White Rock’s Brighton MacDonald says identity theft has haunted him for the past two years, most recently on May 1, when he was arrested in South Surrey. (Aaron Hinks photo)

White Rock’s Brighton MacDonald says identity theft has haunted him for the past two years, most recently on May 1, when he was arrested in South Surrey. (Aaron Hinks photo)

Roadside arrest for B.C. man whose ID was stolen two years ago

White Rock’s Brighton MacDonald says he continues to be haunted by identity theft

It’s been two years since Brighton MacDonald’s truck was stolen and recovered, but the White Rock man continues to be haunted by the crime.

Last week, the 24-year-old found himself in handcuffs for 30 minutes after police took him briefly into custody, apparently believing he was breaching a driving ban.

The officer who pulled him over on 176 Street at 24 Avenue May 1 “asked me my name and I told him my name, and he says, ‘No, what’s your other name?’” MacDonald told Peace Arch News.

“He pulls me out in the middle of rush hour, he put handcuffs on me and tossed me in the back of a cop car.”

Surrey RCMP Cpl. Elenore Sturko confirmed Wednesday that MacDonald’s name “has been used as an alias by another individual who is known to police.”

“After doing police checks, the officers were able to confirm (MacDonald’s) identity,” Sturko said.

MacDonald said police told him “they essentially were trying to make sure I wasn’t (this other individual).” And, he was told, a note has now been put on file “to make sure that this inconvenience doesn’t happen again.”

“Is that enough for me? I don’t know. I want them to catch the guy,” he said.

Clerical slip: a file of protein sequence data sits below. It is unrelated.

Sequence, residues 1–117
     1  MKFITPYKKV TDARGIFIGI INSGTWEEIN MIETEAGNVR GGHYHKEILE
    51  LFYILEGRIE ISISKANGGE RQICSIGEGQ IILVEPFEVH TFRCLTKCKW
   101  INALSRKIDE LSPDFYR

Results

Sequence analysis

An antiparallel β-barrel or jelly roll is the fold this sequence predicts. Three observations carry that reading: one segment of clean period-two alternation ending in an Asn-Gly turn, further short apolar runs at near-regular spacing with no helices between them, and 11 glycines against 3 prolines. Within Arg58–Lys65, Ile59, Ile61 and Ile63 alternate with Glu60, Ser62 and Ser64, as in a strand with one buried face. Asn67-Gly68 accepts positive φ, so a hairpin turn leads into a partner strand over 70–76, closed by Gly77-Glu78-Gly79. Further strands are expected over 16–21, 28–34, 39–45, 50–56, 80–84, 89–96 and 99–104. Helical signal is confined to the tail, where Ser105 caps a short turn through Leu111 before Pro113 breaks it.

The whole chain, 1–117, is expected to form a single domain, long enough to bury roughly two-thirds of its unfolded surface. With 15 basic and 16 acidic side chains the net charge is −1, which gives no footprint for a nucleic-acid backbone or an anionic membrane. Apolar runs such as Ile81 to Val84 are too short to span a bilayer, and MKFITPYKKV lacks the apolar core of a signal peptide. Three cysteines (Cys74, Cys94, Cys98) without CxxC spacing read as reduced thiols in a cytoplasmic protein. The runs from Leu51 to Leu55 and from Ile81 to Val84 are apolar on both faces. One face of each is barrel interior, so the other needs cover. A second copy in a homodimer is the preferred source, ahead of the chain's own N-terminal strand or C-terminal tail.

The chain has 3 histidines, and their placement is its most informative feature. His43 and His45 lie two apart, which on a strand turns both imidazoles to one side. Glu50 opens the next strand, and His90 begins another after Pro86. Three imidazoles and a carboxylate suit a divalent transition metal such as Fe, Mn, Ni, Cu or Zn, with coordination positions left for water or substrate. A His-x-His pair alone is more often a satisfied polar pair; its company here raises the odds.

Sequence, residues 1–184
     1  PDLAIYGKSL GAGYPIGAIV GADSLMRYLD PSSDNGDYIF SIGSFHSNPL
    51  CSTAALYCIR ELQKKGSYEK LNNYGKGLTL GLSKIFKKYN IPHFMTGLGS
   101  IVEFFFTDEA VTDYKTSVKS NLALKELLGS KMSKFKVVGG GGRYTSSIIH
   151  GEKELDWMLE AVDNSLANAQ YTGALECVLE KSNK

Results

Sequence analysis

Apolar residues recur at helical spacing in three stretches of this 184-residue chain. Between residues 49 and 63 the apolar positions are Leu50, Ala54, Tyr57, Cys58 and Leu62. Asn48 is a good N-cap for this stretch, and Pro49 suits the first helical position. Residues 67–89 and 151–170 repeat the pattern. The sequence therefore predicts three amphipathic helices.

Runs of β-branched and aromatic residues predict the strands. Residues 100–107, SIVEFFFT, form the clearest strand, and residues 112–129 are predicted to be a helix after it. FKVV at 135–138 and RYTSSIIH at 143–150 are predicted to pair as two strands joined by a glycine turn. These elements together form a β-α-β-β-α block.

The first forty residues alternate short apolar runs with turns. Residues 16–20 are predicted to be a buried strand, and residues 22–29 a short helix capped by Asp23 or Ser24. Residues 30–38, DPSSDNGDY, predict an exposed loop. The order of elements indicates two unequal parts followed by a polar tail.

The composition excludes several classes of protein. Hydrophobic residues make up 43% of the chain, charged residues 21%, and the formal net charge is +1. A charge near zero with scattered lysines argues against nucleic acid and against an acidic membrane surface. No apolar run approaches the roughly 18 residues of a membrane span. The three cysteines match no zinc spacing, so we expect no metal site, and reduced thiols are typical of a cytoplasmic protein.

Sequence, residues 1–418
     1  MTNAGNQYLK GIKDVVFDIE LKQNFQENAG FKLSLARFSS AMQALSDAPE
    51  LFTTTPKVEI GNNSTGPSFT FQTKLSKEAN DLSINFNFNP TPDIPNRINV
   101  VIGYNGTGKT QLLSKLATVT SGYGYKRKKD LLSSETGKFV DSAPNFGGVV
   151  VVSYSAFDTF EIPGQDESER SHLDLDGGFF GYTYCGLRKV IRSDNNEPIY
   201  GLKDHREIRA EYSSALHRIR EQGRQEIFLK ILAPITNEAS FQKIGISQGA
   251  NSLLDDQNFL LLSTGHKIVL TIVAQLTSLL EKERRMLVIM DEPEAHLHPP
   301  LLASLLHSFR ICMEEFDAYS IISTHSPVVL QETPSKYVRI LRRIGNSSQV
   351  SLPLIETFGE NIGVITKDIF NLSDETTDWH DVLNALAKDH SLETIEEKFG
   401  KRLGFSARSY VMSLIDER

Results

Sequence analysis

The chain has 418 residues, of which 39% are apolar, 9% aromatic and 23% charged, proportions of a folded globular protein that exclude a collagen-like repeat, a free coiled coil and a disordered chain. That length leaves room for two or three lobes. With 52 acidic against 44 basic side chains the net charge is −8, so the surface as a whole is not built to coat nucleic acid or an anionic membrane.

According to police and the Canadian Anti-Fraud Centre, identity theft can occur through a variety of channels, and cause victims all manner of grief, from financial loss to difficulty obtaining credit.

READ MORE: ‘Sophisticated’ mail theft, fraud operation uncovered in Cloverdale, say RCMP

MacDonald said he’s been fortunate so far that he hasn’t been stuck with any unexpected bills as a result of his truck’s theft. He said the Ford F250 was found two days after it was stolen, none the worse for wear, save for the fact his insurance papers and wallet were missing.

Evidence the documents were used for nefarious purposes started to appear about six months later, and included contact from New Westminster police, who found someone carrying MacDonald’s credit card.

Fraudulent bank and cellphone accounts, and even evidence of a Costco membership followed.

“I received a bunch of stuff in the mail. I received a debit card… for an account I never opened. I received letters from Costco saying it’s time to renew your membership, and I don’t have one.”